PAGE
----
Photo of an artistic structure created by artist Dan Borelli

Separation from our community and family, devastating financial impacts, rampant inequities exposed in our systems. Community healing after disastrous events, such as those that have occurred over the past year, is a critical but an often overlooked aspect of recovery.

While these skills may be outside the typical “toolbox” of a local government manager, local government can play an important role in convening and facilitating the healing process, and some managers have called for help from an unexpected source—artists.

Before the pandemic, Michael Herbert, town manager of Ashland, Massachusetts, worked to address one of the toughest challenges a community can face. Years of corporate dumping in the 1970s left Ashland, Massachusetts, with an EPA-designated Superfund site that they are still recovering from over 40 years later. A study in 2006 revealed that the spike in rare cancers in town were connected to the contamination that continued to threaten the population. Much of the community was seemingly resigned to living with this reality, until a developer broke ground to build apartment housing on the site and an outcry began.

Angry residents filled Town Hall meetings in protest, armed with years of pent-up frustration and resentment that made plain the unaddressed trauma in the community. Dan Borelli, a local artist who witnessed firsthand the devastating impacts of the contamination, had been studying it and building relationships throughout the community for years. Understanding his unique position and talents as an artist, the town collaborated with Borelli to help catalyze community healing and address these unseen issues.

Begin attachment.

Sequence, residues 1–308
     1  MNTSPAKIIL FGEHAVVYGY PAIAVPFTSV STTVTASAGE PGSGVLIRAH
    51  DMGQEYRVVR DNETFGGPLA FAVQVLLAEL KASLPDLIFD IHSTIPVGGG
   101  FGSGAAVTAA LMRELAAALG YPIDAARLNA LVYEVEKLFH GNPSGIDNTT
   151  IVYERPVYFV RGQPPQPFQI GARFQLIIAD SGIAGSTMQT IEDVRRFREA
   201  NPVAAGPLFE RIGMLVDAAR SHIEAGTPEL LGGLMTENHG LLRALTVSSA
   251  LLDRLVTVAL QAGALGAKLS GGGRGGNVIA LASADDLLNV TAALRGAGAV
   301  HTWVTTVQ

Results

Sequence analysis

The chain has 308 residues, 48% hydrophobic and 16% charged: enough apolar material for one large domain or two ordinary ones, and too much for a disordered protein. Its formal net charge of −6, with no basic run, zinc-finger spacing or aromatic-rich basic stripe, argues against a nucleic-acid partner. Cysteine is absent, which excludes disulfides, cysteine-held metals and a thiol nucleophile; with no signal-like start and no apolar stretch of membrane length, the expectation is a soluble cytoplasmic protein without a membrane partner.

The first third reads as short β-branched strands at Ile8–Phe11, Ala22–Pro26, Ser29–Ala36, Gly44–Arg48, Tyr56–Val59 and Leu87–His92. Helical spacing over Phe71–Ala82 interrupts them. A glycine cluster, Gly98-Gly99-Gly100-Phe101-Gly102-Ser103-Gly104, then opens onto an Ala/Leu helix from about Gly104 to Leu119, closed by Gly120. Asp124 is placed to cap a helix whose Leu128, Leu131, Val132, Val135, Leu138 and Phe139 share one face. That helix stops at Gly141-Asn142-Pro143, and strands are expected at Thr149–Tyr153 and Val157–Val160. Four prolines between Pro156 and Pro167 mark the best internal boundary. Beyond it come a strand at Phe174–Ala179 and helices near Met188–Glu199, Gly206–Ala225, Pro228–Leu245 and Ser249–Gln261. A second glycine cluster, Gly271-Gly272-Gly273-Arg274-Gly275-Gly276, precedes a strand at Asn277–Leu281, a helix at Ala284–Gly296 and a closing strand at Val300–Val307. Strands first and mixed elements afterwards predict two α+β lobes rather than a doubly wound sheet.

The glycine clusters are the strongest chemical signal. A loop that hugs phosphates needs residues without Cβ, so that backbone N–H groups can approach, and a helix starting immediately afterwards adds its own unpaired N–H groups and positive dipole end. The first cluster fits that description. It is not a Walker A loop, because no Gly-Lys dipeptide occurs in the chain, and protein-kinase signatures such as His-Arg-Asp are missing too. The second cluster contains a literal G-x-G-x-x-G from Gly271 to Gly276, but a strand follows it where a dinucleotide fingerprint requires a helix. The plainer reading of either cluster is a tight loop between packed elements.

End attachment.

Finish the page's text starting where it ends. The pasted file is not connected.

Borelli aided the town in utilizing storytelling and art to shed a light on the hidden pollutants that still impacted Ashland’s water supply. The project incorporated colored streetlights throughout the town that highlighted where and how the contaminants were concentrated. Borelli also created an art installation near the old factory site, a stained-glass structure that served as a place of healing for the community. With support from the town government to realize these installations, his work reignited a culture of resident activism that is pushing the EPA to expedite cleanup.

We interviewed Michael Herbert to get his take on what it was like to work with an artist on a community healing effort and how the lessons learned have been applied in the wake of COVID-19.

ICMA: How did this project help tell the story of your community and help you move forward?

Michael Herbert: When I first heard of Dan’s project, I asked myself, “why would we want to highlight something that was so bad about the town?” The community had worked hard to overcome the reputation of being dirty, sick. No one wants to be known as the first Superfund town where kids lost their lives, but I soon realized how important this was as part of our history and the impact it continued to have on the community.

If we can intentionally address our past and the challenges that come with it, we can become a model community who can overcome even the hardest of circumstances and make that strength and resilience a part of our story too. We decided we weren’t just going to try and forget because that was no longer working for us. We were going to embrace our history and take it a step further…this bad stuff happened to us, but we took it and used it to make us stronger as a community.

This kind of work in local government isn’t exactly conventional. Was there an “a-ha” moment that persuaded you and others that this was worth the investment?